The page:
When I was in high school, I didn’t have a locker. I was also very unorganised. If I hadn’t packed my bag the night before, I would inadvertently leave behind textbooks. Ones I needed.
I call it laziness, even if it was more physical work for me, but I eventually started packing every textbook and taking them every day. I preferred carrying everything and not needing it, to packing as required and forgetting something. I’m still like this. It’s why (to bring it back), I would put all of the music I had onto my computer, and then onto my various music players. Even if I thought there was no chance I’d want to listen to them (or rather, hadn’t really thought about it beyond MUST HAVE EVERYTHING)
It’s on Random
Everyone knows this one. You have your playlist of current favourites. In time it becomes a playlist of sometimes favourites. Eventually, you’re skipping them all, and you may as well let the shuffle find something you would like. A shuffle that’s picking from every possible song it could have.
That’s when it returned.
That’s when it surprised me.
Estopa’s Como Camaron came up on my shuffle. It had been a while since I’d heard it, so I let it go through.
When the shift happened this time – the real one – it was so much more powerful than I recalled. Perhaps it was the passage of time, the distance between the song and I, or just the sort of shift in taste that happens as we get older. What I realised then, observing my favourite book (The Count of Monte Cristo), and my favourite film (The Good, The Bad, and The Ugly) – I want a set stage. I want to be sucked into something so real that when things change, when the world goes to shit or everything escalates, it’s seismic. It ruins lives.
I don’t know how to describe how a song does that, other than it takes its time. I’d say that in this case, I would consider a song to be deliberate, where nothing is casual about it, and it really makes every punch count and connect. Another prime example of it would be Lana Del Ray’s Born to Die. To me, this is not a rushed song. It has its point to make and it does it in its own time – twenty three seconds before the singing starts, and a minute eight before the chorus.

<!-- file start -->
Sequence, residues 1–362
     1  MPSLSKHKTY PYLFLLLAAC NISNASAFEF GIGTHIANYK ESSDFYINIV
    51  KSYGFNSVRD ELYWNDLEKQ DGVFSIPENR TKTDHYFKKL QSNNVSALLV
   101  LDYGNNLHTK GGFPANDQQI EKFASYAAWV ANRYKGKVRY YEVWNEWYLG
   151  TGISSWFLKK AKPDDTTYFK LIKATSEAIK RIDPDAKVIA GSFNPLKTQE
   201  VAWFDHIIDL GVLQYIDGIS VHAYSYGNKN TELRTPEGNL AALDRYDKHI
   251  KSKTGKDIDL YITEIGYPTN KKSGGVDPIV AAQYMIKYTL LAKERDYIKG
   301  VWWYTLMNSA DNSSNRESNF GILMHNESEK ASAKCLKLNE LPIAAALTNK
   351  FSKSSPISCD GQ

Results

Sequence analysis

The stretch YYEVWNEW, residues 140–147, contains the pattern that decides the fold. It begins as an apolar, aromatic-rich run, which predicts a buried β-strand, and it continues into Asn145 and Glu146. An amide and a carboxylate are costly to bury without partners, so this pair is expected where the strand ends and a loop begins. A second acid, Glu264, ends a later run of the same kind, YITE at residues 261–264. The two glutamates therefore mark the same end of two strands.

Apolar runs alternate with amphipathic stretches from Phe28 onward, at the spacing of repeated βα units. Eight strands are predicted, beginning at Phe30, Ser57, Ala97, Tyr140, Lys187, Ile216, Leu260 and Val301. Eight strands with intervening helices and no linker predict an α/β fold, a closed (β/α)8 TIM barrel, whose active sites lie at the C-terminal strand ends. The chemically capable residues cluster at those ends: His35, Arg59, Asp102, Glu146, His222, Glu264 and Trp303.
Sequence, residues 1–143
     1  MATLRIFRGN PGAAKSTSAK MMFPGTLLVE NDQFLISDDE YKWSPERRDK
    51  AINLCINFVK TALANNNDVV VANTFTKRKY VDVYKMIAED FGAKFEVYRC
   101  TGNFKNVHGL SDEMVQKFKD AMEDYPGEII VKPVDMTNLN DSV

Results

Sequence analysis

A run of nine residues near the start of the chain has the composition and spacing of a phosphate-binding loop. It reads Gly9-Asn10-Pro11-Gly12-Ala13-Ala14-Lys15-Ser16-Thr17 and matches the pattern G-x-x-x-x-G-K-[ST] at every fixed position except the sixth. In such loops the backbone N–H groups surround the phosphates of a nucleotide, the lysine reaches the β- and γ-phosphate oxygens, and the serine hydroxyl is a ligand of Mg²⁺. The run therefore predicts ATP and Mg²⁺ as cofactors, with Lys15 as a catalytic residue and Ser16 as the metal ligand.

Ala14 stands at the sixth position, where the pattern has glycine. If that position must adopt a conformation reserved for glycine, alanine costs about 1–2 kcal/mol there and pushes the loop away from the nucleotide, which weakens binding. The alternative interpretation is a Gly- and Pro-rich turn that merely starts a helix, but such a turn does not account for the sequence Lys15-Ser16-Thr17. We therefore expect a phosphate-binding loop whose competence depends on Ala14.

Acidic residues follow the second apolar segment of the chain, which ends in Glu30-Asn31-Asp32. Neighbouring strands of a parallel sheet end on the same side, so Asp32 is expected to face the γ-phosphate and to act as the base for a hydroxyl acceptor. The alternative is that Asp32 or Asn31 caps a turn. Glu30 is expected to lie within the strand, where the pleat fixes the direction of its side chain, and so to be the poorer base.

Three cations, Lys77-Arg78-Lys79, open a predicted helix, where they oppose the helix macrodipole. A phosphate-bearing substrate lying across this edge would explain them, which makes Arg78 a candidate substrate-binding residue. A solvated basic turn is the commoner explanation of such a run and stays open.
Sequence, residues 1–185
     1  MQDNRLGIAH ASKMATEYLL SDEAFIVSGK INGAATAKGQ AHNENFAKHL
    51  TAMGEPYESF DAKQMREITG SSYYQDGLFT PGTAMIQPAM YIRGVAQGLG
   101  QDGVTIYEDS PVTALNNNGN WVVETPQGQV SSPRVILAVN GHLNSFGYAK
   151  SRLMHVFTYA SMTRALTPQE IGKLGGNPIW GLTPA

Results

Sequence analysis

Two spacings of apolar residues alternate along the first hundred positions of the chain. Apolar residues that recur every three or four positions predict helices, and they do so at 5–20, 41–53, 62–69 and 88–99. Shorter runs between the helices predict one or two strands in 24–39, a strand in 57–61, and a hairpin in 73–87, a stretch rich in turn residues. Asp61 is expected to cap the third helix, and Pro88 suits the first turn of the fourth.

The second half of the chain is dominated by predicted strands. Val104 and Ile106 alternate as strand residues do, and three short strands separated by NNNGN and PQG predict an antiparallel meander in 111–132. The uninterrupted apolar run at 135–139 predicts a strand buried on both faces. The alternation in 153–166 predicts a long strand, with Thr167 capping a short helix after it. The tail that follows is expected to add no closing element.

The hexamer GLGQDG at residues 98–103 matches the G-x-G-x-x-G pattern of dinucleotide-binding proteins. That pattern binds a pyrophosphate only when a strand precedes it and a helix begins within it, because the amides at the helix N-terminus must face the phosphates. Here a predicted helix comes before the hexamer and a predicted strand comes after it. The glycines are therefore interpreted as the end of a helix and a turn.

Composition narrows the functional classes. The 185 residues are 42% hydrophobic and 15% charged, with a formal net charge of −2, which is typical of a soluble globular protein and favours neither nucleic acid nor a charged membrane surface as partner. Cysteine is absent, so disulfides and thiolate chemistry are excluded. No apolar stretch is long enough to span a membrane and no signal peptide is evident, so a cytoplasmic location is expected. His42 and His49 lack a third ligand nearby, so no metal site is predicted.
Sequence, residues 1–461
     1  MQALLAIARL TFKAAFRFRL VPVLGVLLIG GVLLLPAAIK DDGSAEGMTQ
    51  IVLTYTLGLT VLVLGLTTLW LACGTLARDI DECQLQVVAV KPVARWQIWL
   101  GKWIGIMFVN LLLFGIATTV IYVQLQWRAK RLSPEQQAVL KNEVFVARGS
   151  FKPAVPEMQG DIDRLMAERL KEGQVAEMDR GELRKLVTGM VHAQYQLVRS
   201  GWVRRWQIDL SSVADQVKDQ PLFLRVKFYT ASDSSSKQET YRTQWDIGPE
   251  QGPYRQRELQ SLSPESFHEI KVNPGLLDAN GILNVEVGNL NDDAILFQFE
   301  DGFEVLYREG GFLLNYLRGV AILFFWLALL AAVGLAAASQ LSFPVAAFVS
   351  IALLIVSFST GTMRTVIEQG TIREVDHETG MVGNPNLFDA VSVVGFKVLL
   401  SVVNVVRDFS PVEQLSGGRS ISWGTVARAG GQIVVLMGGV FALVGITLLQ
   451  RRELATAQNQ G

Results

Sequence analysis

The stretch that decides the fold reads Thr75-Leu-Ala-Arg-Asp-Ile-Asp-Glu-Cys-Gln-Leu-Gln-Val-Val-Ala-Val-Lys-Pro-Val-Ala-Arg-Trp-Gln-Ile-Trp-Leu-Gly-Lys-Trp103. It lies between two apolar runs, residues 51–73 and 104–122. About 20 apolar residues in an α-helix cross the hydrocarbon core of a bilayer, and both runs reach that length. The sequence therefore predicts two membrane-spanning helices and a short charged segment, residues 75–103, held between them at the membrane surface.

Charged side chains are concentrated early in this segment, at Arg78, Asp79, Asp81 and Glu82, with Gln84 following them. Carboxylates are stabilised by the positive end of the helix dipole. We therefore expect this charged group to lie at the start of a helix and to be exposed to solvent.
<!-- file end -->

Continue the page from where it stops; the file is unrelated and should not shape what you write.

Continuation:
Powerful emotions do not form out of the ether here, but are brought up gradually. We do not start at boiling, but turn on the stove, fill the pot with water, and let them each play their parts, in the proper time.
This one was a little different. I’ve made no secret of being a fan of the Mass Effect series. Somehow though, it took a few playthroughs of the first instalment for something to pop out to me. I remember how it happened. I’d just finished the game again (renegade Femshep, my canon playthrough), but had left the room. Then I heard a song playing. I went back to the room, and there was Commander Shepard staring back at me in front of a red background, while Faunts’ M4 Part II played. It was amazing. I was (therefore) amazed.
It filled a similar place in my playlists from about 2009 onwards, and it’s a fantastic song in its own right, but it made be curious about the other music by the same band. I mean, it’s right there in the name. Part II.
So Part I is out there, and it’s different (yet similar).
So I did a thing. I listened to them one after the other, as though it was one big song called M4. Part I then Part II. Doing that made the weight of what Part II sends me through even greater. It takes longer to get there, but it becomes worth it.
Against the Grain
The advice you get as writers will vary, but a lot of it is geared toward getting to the action quickly. I’m not going to say that it’s wrong (and on the surface, have agreed with it before – albeit mockingly). Instead, look toward your own preferences. Think about what you would want to read, because you are unlikely to be alone. The world is full of people with varying tastes, and there’s no hard rules about what they will like.